Chinese flagIn a 4500 tpd Chinese plant, annual energy consumption was reduced by 395.6 TJ (13500 tce) with the installation of a process control and optimization system (NDRC, 2012. p. 66)

Chinese flagIn a 4000 tpd Chinese plant, annual energy consumption was reduced by 351.7 TJ (12000 tce) with the installation of a process control and optimization system (NDRC, 2012. p. 66)

CO2 Emission Reduction Potential
Costs

The costs of process control optimization measures/techniques vary widely and can be up to $6.8 million [1€=$1.35 US] 
The economics of advanced process control systems are very good and estimated payback periods can be as short as 3 months. In general, estimated payback period is less than 2 years.

Chinese flagIn a 4500 tpd Chinese plant, installation of a process control and optimization system required an investment of 980 thousand RMB, and took one month. The system provided annual savings of 8 million RMB, resulting in a payback time of 2 months (NDRC, 2012. p. 66).

Chinese flagIn a 4000 tpd Chinese plant, installation of a process control and optimization system required an investment of 990 thousand RMB, and took one month. The system provided annual savings of & million RMB, resulting in a payback time of 1.5 months (NDRC, 2012. p. 66).

Parent Process:
Energy Savings Potential
CO2 Emission Reduction Potential

N/A

Costs

Process Control and Optimization in Clinker Making Standards

Reference Document on Best Available Techniques in the Cement, Lime and Magnesium Oxide Manufacturing Industries

This is a reference document for Best Available Technologies available for Cement, Lime and Magnesium Oxide manufacturing industries and that have high relevance within the scope of the European Integrated Pollution Prevention and Control (IPPC) Directive (now titled as Industrial Emissions Directive following the 2010 recast).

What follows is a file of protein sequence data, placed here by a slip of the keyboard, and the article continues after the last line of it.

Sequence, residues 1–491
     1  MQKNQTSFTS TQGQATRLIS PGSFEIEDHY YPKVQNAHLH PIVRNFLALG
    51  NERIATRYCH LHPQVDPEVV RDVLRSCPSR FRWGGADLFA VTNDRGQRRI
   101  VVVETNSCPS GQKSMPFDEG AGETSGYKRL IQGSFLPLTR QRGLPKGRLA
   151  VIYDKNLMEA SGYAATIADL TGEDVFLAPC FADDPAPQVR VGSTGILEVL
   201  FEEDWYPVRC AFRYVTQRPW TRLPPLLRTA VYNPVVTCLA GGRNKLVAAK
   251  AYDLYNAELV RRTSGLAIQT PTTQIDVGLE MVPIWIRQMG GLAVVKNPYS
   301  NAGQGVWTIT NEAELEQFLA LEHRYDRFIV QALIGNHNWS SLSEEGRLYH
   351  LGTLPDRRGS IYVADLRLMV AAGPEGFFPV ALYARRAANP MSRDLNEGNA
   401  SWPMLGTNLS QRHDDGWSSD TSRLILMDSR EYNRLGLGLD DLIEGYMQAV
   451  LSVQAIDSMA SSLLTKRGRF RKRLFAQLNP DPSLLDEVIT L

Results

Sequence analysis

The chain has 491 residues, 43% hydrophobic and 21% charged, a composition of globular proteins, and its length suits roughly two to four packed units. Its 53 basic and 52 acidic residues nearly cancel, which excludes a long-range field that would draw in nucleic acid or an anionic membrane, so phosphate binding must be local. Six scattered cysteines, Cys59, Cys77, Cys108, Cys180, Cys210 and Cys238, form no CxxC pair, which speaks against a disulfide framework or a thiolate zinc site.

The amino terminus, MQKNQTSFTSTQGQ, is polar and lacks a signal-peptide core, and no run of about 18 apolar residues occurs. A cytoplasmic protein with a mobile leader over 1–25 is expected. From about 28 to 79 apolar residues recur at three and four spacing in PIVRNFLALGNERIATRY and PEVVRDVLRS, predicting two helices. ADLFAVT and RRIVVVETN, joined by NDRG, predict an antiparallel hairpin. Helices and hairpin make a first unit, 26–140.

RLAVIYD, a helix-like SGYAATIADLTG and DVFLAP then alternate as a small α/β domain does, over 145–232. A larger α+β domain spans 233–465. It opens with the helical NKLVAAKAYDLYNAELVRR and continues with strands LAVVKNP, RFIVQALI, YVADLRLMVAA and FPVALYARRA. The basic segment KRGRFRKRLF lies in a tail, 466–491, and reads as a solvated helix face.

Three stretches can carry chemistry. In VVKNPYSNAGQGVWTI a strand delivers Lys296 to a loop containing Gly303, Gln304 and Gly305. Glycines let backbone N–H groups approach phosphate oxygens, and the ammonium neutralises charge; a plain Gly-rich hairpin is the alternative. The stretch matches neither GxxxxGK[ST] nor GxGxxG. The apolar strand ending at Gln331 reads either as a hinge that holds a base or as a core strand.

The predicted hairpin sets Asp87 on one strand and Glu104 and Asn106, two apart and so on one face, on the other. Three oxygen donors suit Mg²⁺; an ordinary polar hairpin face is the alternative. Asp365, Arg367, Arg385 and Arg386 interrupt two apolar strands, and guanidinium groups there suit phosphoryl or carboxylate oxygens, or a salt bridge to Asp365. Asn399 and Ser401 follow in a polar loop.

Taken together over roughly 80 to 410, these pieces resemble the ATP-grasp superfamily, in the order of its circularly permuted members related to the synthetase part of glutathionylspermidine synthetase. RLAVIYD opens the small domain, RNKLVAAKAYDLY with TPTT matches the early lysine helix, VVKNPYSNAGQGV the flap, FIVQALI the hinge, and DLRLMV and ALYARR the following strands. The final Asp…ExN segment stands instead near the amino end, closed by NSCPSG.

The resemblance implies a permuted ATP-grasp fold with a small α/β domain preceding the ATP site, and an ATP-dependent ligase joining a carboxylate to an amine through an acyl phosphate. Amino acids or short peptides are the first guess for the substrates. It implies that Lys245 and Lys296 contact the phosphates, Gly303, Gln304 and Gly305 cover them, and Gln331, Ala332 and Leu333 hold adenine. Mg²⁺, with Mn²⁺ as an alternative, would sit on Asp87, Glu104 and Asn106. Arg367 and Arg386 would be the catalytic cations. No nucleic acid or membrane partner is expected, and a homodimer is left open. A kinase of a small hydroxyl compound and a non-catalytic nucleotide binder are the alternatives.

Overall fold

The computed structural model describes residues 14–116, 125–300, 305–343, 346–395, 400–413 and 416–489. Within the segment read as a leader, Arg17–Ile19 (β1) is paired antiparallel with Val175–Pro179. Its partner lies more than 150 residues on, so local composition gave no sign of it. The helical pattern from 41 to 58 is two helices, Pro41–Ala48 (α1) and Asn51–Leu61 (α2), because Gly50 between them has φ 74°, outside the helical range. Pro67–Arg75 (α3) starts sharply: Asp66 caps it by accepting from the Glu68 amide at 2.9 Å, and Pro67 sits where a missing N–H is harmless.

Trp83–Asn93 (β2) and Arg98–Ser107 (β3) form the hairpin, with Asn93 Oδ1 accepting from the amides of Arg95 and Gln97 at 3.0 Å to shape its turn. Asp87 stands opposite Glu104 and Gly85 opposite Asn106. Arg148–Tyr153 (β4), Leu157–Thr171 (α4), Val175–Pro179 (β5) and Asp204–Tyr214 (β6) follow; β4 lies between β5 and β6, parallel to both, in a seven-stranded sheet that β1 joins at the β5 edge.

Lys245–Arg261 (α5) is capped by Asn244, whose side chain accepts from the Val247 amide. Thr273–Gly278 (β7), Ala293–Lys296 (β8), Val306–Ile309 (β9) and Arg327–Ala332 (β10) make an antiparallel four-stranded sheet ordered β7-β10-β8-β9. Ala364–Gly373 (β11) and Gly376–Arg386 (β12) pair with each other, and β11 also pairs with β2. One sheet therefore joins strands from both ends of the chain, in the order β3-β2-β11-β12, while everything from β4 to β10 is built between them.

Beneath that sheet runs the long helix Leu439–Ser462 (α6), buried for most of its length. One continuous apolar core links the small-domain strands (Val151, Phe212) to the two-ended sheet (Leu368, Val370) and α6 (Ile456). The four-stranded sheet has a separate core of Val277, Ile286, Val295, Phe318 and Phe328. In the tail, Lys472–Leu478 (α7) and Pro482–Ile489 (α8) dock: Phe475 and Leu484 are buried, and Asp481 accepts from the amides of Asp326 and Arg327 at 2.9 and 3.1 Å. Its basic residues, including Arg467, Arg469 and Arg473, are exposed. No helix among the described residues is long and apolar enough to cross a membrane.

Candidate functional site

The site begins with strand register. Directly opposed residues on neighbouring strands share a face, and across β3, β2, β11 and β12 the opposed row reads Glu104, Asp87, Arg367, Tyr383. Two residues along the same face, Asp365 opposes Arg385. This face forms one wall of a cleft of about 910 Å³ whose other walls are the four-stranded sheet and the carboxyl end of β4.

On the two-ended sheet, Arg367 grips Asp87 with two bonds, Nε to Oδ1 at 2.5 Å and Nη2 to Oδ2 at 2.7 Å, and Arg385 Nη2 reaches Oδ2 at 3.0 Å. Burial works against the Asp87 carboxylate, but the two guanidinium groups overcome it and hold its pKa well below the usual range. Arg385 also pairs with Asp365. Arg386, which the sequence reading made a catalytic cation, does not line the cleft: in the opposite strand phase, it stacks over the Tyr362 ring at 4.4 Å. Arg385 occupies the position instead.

Page Number: 

106-107

Process Control and Optimization in Clinker Making Publications

Energy Efficiency and Resource Saving Technologies in Cement Industry

 

This Cement technologies booklet was compiled by the APP Cement Task Force (CTF) through one of its activities to help its member countries share information on all available energy efficient technologies generally used in the world’s cement industry. The document offers a comprehensive compilation of commercially-available energy efficient technologies used in the cement industry.

Page Number: 

84

Energy Efficiency Improvement Opportunities for the Cement Industry

The U.S. Environmental Protection Agency’s (EPA) energy guide, Energy Efficiency Improvement and Cost Saving Opportunities for Cement Making, discusses energy efficiency practices and technologies that can be implemented in cement manufacturing plants. This ENERGY STAR guide provides current real world examples of cement plants saving energy and reducing cost and carbon dioxide emissions.

Page Number: 

6-7

Development of State of the Art Techniques in Cement Manufacturing: Trying to Look Ahead

The report represents the independent research efforts of the European Cement Research Academy (ECRA) to identify, describe and evaluate technologies which may contribute to increase energy efficiency and to reduce greenhouse gas emissions from global cement production today as well as in the medium and long-term future. 

Page Number: 

38-39

Page Number: 

65-66